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Shaky signature nearly ends 57-year voting streak

Peter Cronas has never missed voting in elections since 1966— two weeks ago, that almost changed.

ARAPAHOE COUNTY, Colo. — Do you remember the first time you voted?

I’ll go first. 

It was 1998, I was 18 and a freshman in college. I spent the night at my parents' house the night before the November election to vote for the first time. My precinct was at my middle school, in the choir room. 

Peter Cronas voted for the first time when you had to be 21 to vote, not 18. 

“Voting has always been very, very important to me. And I’ve never missed voting in elections since 1966,” Cronas said. 

His streak almost ended two weeks ago, when Arapahoe County could not verify the signature on his ballot envelope. 

“My signature doesn’t look like it used to look like,” Cronas said. “I’ve got the shaky hands syndrome now, and it’s not going to go away.” 

Cronas was notified by the Arapahoe County Elections Division with a letter in the mail and an email. The message was that his signature could not be verified, and that the county needed him to confirm that it was Cronas who sent back and signed the ballot. 

“You can, actually, read my signature when I first started signing my name," Cronas said. "And now, you can maybe read it? But good luck with that."

“Our bipartisan election judges weren’t able to confirm that the signature on his ballot envelope was, in fact, his because it had changed,” Arapahoe County Elections Director Bill Mast said. 

The county sent discrepancy letters to 1,332 voters. That could mean a situation like Cronas', where the signature did not match. It could mean a voter forgot to sign their envelope. It could also mean that a voter forgot to provide a copy of their ID if it was their first time voting. 

Of the discrepancy letters sent out, 328 – or 25% of ballots – were cured and counted. 

Statewide, there were 16,826 ballots that could be cured. Of those, 4,964 – or 30% – were cured. The remaining 11,862 were not, and those are likely sent to the county’s District Attorney’s Office for more review, to make sure a crime was not committed by someone else turning in and signing another person’s ballot. 

When a ballot is not cured, it is a benign issue most, if not all, of the time. It is rare that it results in a charge for election fraud.  

“About 70% of our voters who do end up curing their ballots do so through electronic means. They receive that message by email and are able to sign using their smartphones or submit their copies of their IDs through an email to us,” Mast said. “We’re able to update their signatures on file, so that in future elections, these kinds of things don’t happen to them.”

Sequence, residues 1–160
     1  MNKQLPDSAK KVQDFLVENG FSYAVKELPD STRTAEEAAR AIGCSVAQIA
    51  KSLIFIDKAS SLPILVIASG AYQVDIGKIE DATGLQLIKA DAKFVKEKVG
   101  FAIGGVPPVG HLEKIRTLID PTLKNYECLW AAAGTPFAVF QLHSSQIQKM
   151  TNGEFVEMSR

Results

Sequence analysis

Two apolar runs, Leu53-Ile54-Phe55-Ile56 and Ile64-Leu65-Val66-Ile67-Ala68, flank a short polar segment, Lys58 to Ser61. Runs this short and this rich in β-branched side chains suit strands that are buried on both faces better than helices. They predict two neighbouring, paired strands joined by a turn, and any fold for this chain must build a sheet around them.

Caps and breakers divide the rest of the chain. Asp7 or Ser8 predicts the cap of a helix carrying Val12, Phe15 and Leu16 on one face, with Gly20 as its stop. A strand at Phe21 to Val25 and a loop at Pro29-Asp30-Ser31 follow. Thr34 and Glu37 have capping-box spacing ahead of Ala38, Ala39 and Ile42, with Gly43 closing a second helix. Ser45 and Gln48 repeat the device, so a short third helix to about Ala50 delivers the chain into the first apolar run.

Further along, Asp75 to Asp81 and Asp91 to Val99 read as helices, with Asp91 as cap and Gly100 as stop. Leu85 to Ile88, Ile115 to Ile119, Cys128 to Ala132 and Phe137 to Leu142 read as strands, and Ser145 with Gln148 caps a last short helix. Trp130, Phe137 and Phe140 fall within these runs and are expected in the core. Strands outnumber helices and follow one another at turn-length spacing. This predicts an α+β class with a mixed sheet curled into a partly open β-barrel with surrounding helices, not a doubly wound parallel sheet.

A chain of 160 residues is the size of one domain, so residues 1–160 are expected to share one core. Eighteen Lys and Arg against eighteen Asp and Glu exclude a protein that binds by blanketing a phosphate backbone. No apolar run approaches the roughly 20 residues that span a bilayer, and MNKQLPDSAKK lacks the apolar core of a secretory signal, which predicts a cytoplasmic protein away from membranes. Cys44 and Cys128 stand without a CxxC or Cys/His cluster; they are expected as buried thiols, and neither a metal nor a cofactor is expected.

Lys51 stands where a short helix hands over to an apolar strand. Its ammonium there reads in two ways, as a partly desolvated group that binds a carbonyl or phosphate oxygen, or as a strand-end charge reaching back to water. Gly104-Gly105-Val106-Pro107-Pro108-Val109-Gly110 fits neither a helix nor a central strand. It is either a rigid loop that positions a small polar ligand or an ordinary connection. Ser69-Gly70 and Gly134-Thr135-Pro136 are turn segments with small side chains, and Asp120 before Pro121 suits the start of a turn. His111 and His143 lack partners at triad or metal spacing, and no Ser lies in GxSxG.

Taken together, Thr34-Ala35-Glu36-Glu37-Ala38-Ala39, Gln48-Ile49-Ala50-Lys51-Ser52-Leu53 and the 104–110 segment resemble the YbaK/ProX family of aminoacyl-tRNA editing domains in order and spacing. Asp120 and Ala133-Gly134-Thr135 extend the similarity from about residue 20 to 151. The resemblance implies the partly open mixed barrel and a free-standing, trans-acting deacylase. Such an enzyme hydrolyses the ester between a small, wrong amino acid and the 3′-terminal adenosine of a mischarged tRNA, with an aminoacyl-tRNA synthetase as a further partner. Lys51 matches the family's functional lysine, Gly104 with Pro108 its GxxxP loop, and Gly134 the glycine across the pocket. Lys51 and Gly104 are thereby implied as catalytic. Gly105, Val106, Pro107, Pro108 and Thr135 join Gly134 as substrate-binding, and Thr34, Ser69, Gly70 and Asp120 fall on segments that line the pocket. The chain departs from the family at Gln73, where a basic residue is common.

“The people at the Elections Division of Arapahoe County are really, very, very competent, very efficient, and they got it done in a very, very fast time frame. I was impressed,” Cronas said.

This was more than just a signature issue for Cronas. 

“My father always made it a very special occasion when it was time to vote,” Cronas said. 

It was about a tradition that started 57 years ago with his dad.

“He’d get his shoes shined. He’d get a clean white shirt out, a freshly pressed suit, and we’d walk together over to the election polling place, which, as it turned out, was my old grammar school,” Cronas said. “He, basically, demonstrated to me, by example, how important it was to vote every time there was an election, because your voice needs to be heard.” 

Cronas was so moved that his vote counted, he wrote a letter to the Arapahoe County Elections Division:

My hands shake when I write – not surprising or unusual since I’m almost 79 years old. But, for the first time ever that shakiness caused me some real grief. My home county in Colorado, Arapahoe, rejected my mail in ballot this past October (2023) because my signature did not match the signature on my Colorado driver license. Fortunately, Arapahoe County has a very robust process and very efficient people in place to cure issues like a signature discrepancy, and as a consequence my vote was properly counted before the deadline. 

While communicating with Arapahoe County officials about this issue I pointed out that I have never failed to vote in any election since I first became eligible to vote in 1966 (that’s 57 years ago). In turn, that reminded me of why I’ve always been so laser focused on making sure I cast a ballot in every election, without fail. The reason is my father. My dad was a Greek immigrant who came to the U.S. as a young man sometime around 1925. He served in the U.S. Army during W.W. II, was stationed in Camp Carson, CO, and became a U.S. citizen after the war ended. I still vividly remember election days when I was just a kid. My dad made absolutely certain he carved out the time to vote from his very busy work schedule. He would polish his shoes, put on a clean white dress shirt, a neck tie, and a freshly pressed suit. He took me with him to the polling place, which in New York City, Brooklyn to be specific, was a nearby Public School. I always stepped into the voting booth with him to watch. He told me that voting was very important and that every citizen should make certain they never miss a chance to vote. He may not have actually said those exact words to me, but he most certainly lived them by example – he never missed what he believed was his obligation to cast a vote, until he became too ill to do so. 

Now thanks to the very competent folks at the Arapahoe County Elections Division, my vote was counted and as a result I was able to continue my dad’s Election Day tradition. I did not fail him, nor did I fail in my own obligation to vote. 


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